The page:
What the City Needs to Know About Keeping Asian Investors in LA
With a downturn in China’s economy, Chinese investors are shifting capital to core US markets and much of this money is landing in LA.
“Geography is the real reason for Chinese investing here,” says Rising Realty Partners COO Chris Rising (with Athens Group COO Jay Newman) at Bisnow’s Cash Infusion: Impact of Foreign Investment on SoCal Real Estate event last week at the Luxe Sunset Boulevard Hotel. He opined, however, that if the US wants to attract foreign capital, Congress should repeal a draconian US law that imposes double taxation on foreign investors.
Downtown LA’s Central City Association CEO Carol Schatz (snapped with Jay) is concerned that LA’s arduous entitlement process and policies that disincentivize development will adversely impact the flow of Chinese investment capital to the city. “Chinese investors have engaged great talent here, but getting projects through LA’s bureaucracy is a frustration they’re not faced with in China.
Additionally, she noted, “Some of the things the [LA City] Council does chips away at what we accomplish, like the $15 minimum wage. They’re also doing affordable inclusionary zoning for for-sale housing,” Carol added, noting that “we need to make sure that we create an environment positive for investment.”
Athens Group COO Jay Newman agreed, suggesting that the City of LA is lacking in terms of vision and leadership. “There are significant barriers to entry [in Downtown] so we have flight to quality,” he said. "Rather than coming Downtown, the tech industry is going to Playa Vista." Athens develops luxury resort destinations.
Genler regional managing principal Rob Jernigan (snapped with Bisnow's Southern California director Sean Spear) offered a different perspective. He believes global investors will continue to come to LA because they love coastal communities. “LA is still a good deal in that respect—not like the People’s Republic of San Francisco,” he joked.
Rob noted that the region is experiencing exponential growth that makes it attractive to global investors. Metro’s Regional Transit Connector Project, which will connect local and regional destinations with rail service, along with major developments like Metropolis and Korean Air’s $1B, 1.7M SF mixed-use complex, Wilshire Grand Center (which includes a 73-story InterContinental Hotel) are game changing, he says.
Moderator and Allen Matkins global real estate chair Tony Natsis says that 80% of foreign investors are Asian. “The Chinese are doing big, dense, sexy stuff,” he says, stressing that it would be beneficial for local officials to get an understanding of cultural differences, as well as familiar with the way the Chinese are used to doing business. For example, he says, once a Chinese investor signs an LOI, "they’re done and local people take over.”
CBRE EVP Laurie Lustig-Bower, who sold the Metropolis site in Downtown to Greenland USA and the site of the former Robinson-May department store on Wilshire in Beverly Hills to Chinese developer Wanda Group, noted that Chinese investors have a different view of when a transaction occurs than is the reality, which can be a big problem for brokers.
She explained in China, due diligence is done prior to signing a contract, but the opposite is true here. So when Greenland and Wanda signed contracts to buy these sites, they assumed it was a done deal and incorrectly announced to national US media outlets that they had acquired the sites, Laurie says. As a result of untimely press, she says, “I had 17 other offers and angry potential buyers calling me.”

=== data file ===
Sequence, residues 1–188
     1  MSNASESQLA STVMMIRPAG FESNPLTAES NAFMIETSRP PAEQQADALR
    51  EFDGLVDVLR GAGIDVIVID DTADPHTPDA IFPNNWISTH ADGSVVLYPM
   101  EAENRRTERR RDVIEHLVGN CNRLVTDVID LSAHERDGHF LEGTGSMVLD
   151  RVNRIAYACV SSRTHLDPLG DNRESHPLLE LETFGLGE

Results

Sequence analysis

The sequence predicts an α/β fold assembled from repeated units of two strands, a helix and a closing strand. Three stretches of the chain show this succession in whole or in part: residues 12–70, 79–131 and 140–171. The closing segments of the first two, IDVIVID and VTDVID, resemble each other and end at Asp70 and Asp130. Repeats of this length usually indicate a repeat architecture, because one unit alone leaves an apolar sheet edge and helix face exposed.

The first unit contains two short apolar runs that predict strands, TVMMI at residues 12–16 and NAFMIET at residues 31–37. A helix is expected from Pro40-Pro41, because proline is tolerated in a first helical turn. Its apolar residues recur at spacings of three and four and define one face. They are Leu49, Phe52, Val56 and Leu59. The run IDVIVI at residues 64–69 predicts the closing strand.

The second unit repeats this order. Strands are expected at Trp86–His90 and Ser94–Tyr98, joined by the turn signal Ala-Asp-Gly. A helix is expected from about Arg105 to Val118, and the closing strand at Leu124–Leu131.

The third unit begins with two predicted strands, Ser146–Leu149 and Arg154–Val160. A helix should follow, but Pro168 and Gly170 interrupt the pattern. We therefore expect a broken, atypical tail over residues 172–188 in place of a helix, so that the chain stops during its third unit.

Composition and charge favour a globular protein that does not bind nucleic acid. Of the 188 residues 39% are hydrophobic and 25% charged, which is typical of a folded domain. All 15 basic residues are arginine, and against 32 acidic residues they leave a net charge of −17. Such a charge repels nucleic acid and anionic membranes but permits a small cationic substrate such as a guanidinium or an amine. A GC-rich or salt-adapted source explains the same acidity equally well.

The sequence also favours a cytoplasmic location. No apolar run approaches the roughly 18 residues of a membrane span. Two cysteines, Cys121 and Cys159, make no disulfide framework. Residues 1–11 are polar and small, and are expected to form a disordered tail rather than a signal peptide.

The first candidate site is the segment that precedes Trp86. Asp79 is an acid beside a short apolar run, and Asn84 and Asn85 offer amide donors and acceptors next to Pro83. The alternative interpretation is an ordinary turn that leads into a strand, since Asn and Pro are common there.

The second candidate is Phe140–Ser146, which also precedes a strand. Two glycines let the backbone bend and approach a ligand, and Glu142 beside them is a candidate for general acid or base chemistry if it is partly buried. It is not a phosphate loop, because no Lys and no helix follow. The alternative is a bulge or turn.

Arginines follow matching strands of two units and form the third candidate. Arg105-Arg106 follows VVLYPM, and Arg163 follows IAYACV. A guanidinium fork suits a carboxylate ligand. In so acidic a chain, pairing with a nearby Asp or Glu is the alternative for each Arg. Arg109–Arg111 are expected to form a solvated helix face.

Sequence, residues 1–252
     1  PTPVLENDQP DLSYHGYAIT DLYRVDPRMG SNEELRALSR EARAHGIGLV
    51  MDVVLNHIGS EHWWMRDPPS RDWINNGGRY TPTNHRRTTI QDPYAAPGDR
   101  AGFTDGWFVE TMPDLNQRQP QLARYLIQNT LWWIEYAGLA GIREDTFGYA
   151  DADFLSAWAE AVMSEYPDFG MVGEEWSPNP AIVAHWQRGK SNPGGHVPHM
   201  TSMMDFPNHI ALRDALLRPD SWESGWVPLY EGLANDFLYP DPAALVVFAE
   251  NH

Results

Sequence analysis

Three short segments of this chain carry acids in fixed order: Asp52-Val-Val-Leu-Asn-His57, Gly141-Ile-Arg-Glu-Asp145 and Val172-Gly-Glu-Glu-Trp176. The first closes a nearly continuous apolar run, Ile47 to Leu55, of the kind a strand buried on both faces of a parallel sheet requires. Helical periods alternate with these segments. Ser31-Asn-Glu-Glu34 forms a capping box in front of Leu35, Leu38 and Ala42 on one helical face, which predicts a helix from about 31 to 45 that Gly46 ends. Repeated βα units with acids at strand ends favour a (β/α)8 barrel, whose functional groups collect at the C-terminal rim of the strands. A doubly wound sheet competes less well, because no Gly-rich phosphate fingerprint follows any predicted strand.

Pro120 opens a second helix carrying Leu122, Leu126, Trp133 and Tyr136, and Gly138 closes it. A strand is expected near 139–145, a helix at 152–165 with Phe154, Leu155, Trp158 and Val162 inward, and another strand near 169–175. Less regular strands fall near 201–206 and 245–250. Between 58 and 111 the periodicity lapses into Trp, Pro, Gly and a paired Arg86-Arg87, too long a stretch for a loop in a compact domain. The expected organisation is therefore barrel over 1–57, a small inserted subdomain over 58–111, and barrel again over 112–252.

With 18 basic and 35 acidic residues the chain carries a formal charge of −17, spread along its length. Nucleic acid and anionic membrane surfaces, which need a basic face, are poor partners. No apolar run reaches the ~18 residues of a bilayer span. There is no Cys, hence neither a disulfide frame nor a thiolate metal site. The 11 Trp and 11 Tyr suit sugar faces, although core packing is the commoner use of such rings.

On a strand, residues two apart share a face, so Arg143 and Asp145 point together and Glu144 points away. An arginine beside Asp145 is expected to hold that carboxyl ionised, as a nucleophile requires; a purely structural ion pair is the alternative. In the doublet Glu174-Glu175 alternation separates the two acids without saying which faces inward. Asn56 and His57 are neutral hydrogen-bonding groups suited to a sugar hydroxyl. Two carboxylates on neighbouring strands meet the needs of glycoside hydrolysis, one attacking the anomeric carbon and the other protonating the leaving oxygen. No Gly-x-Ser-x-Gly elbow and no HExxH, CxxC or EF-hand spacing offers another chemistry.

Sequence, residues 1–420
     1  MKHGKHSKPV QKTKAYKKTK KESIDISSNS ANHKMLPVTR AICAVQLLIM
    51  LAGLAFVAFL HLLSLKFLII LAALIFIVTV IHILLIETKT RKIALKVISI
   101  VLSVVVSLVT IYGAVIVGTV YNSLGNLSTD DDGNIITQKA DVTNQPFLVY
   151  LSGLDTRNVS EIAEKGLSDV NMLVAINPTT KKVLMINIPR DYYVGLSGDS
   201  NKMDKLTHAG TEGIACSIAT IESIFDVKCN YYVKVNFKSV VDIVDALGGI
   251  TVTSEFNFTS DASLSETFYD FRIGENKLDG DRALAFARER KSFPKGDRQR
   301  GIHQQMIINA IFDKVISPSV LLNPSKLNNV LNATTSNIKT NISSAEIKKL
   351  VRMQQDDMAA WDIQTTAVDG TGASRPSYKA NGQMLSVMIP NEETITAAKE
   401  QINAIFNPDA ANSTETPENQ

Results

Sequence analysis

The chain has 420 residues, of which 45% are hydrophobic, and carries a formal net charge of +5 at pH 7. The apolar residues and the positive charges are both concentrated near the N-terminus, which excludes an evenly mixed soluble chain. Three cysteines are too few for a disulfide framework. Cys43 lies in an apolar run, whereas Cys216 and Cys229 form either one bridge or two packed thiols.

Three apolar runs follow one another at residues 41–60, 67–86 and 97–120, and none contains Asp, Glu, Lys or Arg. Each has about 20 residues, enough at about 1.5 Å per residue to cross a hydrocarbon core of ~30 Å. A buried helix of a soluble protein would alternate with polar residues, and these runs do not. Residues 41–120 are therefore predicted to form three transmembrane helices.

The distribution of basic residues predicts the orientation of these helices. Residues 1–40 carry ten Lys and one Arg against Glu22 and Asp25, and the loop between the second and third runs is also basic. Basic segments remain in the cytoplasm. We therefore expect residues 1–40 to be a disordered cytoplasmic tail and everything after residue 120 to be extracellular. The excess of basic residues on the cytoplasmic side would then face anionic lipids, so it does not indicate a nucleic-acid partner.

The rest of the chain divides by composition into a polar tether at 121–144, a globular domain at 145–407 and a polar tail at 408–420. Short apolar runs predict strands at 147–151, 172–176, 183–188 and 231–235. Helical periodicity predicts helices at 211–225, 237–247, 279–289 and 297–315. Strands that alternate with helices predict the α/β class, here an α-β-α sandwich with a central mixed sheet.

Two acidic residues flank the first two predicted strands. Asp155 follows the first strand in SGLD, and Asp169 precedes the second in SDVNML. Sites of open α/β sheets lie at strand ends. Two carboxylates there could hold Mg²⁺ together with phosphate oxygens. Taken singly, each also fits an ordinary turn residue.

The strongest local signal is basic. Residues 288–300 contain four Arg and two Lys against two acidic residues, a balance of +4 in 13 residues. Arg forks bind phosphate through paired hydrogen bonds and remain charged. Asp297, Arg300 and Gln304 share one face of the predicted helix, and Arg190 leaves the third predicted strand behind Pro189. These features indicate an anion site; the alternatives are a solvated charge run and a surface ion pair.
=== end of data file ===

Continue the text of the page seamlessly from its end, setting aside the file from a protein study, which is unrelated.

Steinberg Architects CEO David Hart suggested that Asian investors look at areas adjacent to the hot Downtown and Hollywood markets, because they present tremendous opportunities.
Landsea Holdings SVP Bill Pisetsky says his firm, a leading Chinese residential developer, is doing just that. Landsea is underway on a 200-home community in Simi Valley and close to closing a deal locally with 600 lots.
Bill says his company is seeing diversity in Chinese investor levels. “We’re seeing midsized investors and eight to 10 families pooling their money to invest in the US market,” he says, noting that his company had to limit the number of Chinese buying homes here, because it wants to become a US homebuilder brand.
Singapore’s OUE Ltd VP John Gamboa says his company is the top Asian investor in the US, with $10B invested in core markets. The company, which owns Downtown LA’s US Bank Tower, is looking for opportunities throughout the LA region. “We’re keeping our eyes open, looking at secondary markets. When we first opened our platform here, we were set on Downtown LA and Beverly Hills, but we’re now looking at Playa Vista,” he says, noting that the whole Westside market is hot. “We’re still interested in Downtown, but are not limiting ourselves as much as we used to do.”
The final word came from World Trade Center Los Angeles president Stephen Cheung. Although the proposed Trans-Pacific Trade Partnership before Congress is geared to boosting trade commerce, Cheung believes that, if approved, it will have a dramatic impact on local infrastructure development and boost real estate values, from the ports to the Inland Empire. Noting that 40% of all incoming ocean-going cargo comes through LA County ports, Stephen advised, “This is the time to invest heavily, not just in port facilities, but also distribution facilities in the Inland Empire.”